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The Working Rich
The wealthiest Americans work for their money, and the poor could learn from them.


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Kevin D. Williamson

There is a reason that money earned from work accounts for a relatively large share of the holdings of rich Americans: They work more — a lot more. While Census Bureau data document a very large gap in the prevalence of college degrees among the top 20 percent vs. the bottom 20 percent, there is an even larger and more significant gap — 60 percentage points — between full-time employment for householders in the top income group vs. the bottom income group. There is, to be sure, such a thing as the working poor, but the most salient characteristic of poor households is the lack of full-time workers in them. For the bottom income group, there is an average of 0.42 earners per household, with 68.2 percent of householders not working at all, as opposed to 1.97 earners per household and only 13.3 percent not working for the highest income group. The answer to poverty turns out to be “get a job,” after all — though that should be an aspiration toward which we assist the poor rather than a contemptuous dismissal of their needs.

Family matters. Not surprisingly, 78.4 percent of those highest-income families were married couples, as opposed to 17 percent for the lowest-income group. What this all means in brief is that the highest-income families are composed almost exclusively of two-earner households, the overwhelming majority of them married couples. Those who are inclined to see public policy mainly through green eyeshades may sniff at the social conservatives and their quaint worries about marriage, but there is a very strong connection between how we conduct our family lives and our economic outcomes — the very word “economy” derives from the Greek term for household administration, οἰκονομία. All the best people may roll their eyes at “tiger mom” Amy Chua’s admiration for Asian-American, Nigerian-American, and Mormon domestic culture, but it is difficult to dismiss the results.

This is not an invitation to moral crowing about the virtues of the rich — okay, maybe it is. The country would in fact be far better off if more people lived the way the top 20 percent do: married, working their butts off, saving and investing their money, and living within their means. (In his research for The Millionaire Next Door, Thomas J. Stanley found that the most popular make of automobile among the wealthy was not Ferrari or Mercedes but Ford, and that the most common Ford model owned by a millionaire was the F-150 pickup truck.)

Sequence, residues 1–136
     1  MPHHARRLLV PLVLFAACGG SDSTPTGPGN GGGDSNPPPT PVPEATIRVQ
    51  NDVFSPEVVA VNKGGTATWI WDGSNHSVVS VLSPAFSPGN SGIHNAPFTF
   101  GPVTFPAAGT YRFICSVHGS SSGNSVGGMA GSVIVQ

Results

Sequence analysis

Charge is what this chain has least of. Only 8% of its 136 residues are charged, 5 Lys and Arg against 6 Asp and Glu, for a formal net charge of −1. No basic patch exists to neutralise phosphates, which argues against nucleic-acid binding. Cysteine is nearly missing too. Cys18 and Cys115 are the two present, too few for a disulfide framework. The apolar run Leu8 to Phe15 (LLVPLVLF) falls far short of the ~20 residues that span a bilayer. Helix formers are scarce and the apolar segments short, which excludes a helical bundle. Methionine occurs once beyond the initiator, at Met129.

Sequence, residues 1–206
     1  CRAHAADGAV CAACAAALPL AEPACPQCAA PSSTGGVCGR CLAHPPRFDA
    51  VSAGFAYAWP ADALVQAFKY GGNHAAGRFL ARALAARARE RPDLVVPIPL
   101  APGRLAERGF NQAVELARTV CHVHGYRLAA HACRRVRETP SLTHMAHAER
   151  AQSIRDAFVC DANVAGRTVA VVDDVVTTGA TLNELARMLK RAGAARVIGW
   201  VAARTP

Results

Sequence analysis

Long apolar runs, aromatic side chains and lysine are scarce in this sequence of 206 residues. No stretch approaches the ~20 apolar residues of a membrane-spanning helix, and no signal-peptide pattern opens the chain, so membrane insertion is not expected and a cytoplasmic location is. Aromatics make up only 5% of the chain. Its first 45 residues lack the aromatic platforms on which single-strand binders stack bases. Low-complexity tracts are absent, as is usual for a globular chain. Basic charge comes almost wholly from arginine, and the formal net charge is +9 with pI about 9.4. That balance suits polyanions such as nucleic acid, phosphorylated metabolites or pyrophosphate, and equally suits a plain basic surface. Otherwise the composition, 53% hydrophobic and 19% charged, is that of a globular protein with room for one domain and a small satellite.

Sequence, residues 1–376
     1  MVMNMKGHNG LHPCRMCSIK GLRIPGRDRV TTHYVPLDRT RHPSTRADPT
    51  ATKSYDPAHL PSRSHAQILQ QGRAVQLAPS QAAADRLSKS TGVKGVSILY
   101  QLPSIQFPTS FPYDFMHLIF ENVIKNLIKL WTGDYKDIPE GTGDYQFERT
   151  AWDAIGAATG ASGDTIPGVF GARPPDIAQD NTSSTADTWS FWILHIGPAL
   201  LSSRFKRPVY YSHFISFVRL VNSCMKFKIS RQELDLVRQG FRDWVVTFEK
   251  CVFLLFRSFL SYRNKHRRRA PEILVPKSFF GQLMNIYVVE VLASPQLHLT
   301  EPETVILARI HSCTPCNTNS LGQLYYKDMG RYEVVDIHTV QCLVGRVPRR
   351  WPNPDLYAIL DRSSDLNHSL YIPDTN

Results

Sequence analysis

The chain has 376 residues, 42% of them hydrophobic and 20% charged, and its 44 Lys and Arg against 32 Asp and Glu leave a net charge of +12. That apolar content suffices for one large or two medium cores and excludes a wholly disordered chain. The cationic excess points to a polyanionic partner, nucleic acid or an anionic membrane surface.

But this is not just an invitation to moral crowing about the virtues of the rich. If one assumes that a very large portion of the poor would ceteris paribus prefer to be better off, then our analysis of the problem must begin by acknowledging that while there is significant inequality when it comes to income, the more radical and significant instance of inequality is in the opportunity to earn any income in the first place. Blaming the rich for the predicament of the poor is insupportable in the face of the data: If the Waltons dropped off the face of the earth tomorrow, that would make no difference at all to the 68.2 percent of poor householders who have no work but cannot afford to be unemployed. It would simply create more unemployment, assuming the Waltons do not build their own houses and sew their own clothes.

While it would be uncharitable to begrudge the poor the money that is spent on them by the welfare state, especially considering that we spend a great deal more subsidizing the middle class, the fact is that as a practical matter we are running out of ways to spend money on the needy: We already pay for education, food, housing, job training, health care, heating, etc. There are a number of charitable organizations that exist for the sole purpose of providing poor people with appropriate clothes to wear to job interviews. But something is missing — that priceless thing that makes an immigrant into a valedictorian or a successful publican, that inspires people to make the most out of the opportunities afforded by a society that is, for all of its present difficulties, stuffed with them. It isn’t want of material aspiration: There’s a reason that Kanye West makes money singing about his money (“new watch alert” — seriously, that’s a lyric — fortunately, Hublot is easy to rhyme) and why they sell the Robb Report at Walmart. And it’s not just luxury goods: People want better lives — healthier, more productive, and more secure. How to get them there? Mitt Romney might have some ideas about that, but Americans got a good hard look at him in 2012 and said no.

— Kevin D. Williamson is a roving correspondent for National Review.



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